3. Babies - surely that's a safe topic, too. Alcuin has finally got to his clingy stage. He steadfastly believes I have a diabolical plan to run away for ever, and that he can only thwart it by screaming "Mum-mum-mum" every time I leave the room without him. Not even going to the loo is safe - he has to run after me and sit on my lap. I think he knows I have the toilet equivalent of floo powder on hand and am about to disappear down the bowl.

4. ...and animals. The neighbour's dogs started to get very annoying on our daily walk. I don't really mind the yappy Boston terriers, but one of the larger, shaggy mongrels was beginning to get up very close, growling. Yelling just didn't seem to work. Then, after a few days of this, I got angry. I stopped, turned, pointed, and said sternly, "No! Go away." He stepped back a few paces, gave me a hurt look, as if to say, "Now you've spoiled all my fun," and left. The next day, he came running out at the sound of our approach, saw it was me, and stopped in the driveway. The day after - he didn't even bother. Just call me the dog whisperer.
The only downside is that the baby actually liked all this doggy entertainment. Now, he woofs, and shakes his head sadly.

5. It was "woof" because, despite having a wide vocabulary, he prefers to communicate with sound effects and gestures rather than words.  If he wants me to do something specific, he places my hand on the spot - literally, the task at hand. The other day, he pushed his dad to a clear spot in the bedroom - so he could ram him with a cardboard box.

Maybe it's because he was raised by chickens...

6. A couple of mornings ago, I got up to a squirrel head and upper torso on the rug. (Imagine: head, shoulders, and little arms sticking out. You're welcome.) Used to the cats' Godfather-like offerings, I stumbled into the kitchen, grabbed paper towels and cleaner, and got to work. Later in the day, one of the cats brought in a lizard, which detached itself from its tail and escaped. I picked up the still wriggling tail... and suddenly got grossed out. Go figure.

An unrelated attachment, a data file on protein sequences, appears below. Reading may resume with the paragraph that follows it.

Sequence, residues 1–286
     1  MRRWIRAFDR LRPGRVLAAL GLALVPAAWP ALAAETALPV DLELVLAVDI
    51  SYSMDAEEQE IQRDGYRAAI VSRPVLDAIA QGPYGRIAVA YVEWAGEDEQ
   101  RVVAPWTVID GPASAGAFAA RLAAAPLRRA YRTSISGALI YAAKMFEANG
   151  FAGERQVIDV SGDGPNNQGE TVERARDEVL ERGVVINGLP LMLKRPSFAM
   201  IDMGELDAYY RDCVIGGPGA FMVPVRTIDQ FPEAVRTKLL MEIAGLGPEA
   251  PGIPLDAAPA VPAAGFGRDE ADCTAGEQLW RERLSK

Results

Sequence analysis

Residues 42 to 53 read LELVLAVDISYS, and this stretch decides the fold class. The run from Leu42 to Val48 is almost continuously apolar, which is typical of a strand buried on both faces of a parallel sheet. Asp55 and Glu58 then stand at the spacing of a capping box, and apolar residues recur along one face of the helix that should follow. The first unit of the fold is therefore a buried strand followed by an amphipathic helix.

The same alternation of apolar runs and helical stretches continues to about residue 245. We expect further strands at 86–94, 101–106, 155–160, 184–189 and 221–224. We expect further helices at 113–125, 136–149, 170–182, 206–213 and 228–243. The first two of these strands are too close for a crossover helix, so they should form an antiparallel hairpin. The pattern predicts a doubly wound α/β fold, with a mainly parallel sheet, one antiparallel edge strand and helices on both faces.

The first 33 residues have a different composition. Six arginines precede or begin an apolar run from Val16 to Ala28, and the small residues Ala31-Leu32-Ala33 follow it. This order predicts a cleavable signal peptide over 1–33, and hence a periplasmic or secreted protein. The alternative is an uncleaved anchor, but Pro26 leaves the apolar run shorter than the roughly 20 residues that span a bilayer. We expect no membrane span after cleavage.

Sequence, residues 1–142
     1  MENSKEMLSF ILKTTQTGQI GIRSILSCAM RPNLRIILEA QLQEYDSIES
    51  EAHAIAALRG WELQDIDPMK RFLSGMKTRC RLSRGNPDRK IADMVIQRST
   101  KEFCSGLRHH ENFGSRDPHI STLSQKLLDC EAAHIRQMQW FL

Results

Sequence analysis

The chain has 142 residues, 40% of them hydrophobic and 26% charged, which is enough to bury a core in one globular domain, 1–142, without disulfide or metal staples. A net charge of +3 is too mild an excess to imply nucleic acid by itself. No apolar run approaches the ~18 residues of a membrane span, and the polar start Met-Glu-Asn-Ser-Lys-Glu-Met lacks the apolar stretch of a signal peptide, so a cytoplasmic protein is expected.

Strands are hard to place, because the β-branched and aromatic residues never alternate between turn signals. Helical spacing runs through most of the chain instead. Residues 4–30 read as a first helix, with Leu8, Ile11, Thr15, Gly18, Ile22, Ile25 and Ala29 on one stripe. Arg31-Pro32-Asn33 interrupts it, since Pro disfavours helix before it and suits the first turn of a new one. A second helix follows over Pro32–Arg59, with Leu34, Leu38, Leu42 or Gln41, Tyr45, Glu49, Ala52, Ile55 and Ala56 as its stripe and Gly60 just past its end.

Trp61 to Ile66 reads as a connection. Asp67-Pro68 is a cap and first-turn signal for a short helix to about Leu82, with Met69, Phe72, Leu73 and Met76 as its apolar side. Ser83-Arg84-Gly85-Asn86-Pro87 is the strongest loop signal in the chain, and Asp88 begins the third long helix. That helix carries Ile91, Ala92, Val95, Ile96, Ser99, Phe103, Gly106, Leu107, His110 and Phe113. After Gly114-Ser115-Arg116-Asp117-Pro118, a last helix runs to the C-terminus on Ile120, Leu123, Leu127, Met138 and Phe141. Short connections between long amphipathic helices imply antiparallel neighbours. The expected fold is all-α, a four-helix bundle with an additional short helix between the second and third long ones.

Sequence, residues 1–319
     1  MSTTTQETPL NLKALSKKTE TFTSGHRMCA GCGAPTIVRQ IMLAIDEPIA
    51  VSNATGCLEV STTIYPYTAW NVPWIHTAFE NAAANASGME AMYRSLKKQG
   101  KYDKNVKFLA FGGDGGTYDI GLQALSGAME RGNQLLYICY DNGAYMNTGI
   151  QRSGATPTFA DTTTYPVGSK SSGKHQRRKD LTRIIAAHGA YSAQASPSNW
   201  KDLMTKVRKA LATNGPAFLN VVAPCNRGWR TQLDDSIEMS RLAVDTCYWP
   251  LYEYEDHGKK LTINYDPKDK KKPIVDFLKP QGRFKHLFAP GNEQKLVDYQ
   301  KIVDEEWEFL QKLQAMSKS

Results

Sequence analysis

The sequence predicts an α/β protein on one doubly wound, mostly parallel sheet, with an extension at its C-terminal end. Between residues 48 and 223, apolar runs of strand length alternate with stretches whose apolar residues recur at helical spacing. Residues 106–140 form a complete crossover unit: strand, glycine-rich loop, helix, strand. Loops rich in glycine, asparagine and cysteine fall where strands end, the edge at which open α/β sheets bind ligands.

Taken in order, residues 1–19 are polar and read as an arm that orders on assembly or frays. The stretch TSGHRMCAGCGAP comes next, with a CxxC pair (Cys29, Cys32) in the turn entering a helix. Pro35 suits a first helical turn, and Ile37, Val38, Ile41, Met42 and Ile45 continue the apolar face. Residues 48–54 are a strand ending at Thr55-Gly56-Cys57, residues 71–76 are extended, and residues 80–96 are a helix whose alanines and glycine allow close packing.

And yes, mutilated animal parts beat politics right now.

7. The only person currently using the girls' bathroom is my thirteen year-old. So how is it that she can stand at the sink and get mud and make up on the walls four feet behind her?

There, that made me feel better. For other, hopefully cathartic quick takes, glide over to Kelly at This Ain't the Lyceum.


Friday, September 30, 2016

7 Quick Takes 40: All That Glitters is Not Silver...


1. Many, many moons ago, for some inexplicable reason, my eldest daughter loved to swing brooms around. One day she swung it in the direction of an antique family vase, and the inevitable happened. The delicate, etched glass was broken beyond repair. We would have consigned the whole vase to the dustbin, except that the base was a heavy lump of silver. So, with a vague idea that we would detach and sell it, we packed the broken vase into an old shoebox, put it into the sideboard cupboard, and... promptly forgot about it.
Fast forward fifteen or so years, and behold, we have a baby with an infallible radar for broken glass. Having mastered the art of opening the kitchen cupboards, he turned his talents to cupboards with latches. Again, in one of those twenty-second lapses of supervision, he got into the sideboard. Faced with china galore, which obviously wasn't antique, he went for the box because something we were hiding from him must be worth investigating. Thankfully, my radar for toddler trouble is getting rehoned, because I rescued him and the vase in time. My husband finally decided to do something about it, and set to work detaching the lump of silver, which turned out to be:



A lump of plaster encased in silver about as thick as tin foil. So, maybe a dollar's worth in there. And we still haven't thrown that away. But I suppose it says something about greed, or thriftiness. Or laziness...

2. Although David Bowie was a fixture of my childhood, I found the hysterical reactions to his death this January rather incomprehensible. Yet this weekend, when I learned that Terry Jones of Monty Python fame has a rare form of dementia that is robbing him of speech, I was terribly upset. Monty Python's Flying Circus is almost completely responsible for my warped sense of humour; I went to Cambridge, the Pythons' stomping ground; the house I shared with friends there was affectionately dubbed "Castle Anthrax". That someone whose life has been words should be bereft of them seems a cruel irony.
And then, reading on, I also learned about his private life, which is, shall we say, much, much less than admirable, and I had the strange experience of being devastated and disappointed all at the the same time.
Another clear moral: Don't make an idol of anyone. Even Eric Idle.

3. Behold the instruction manual that came with my husband's newly purchased, refurbished strimmer:



Six hundred and fifty pages in twenty-six languages, intended for the EU market. Which can only lead to the reflection that Brexit may have its upside ;)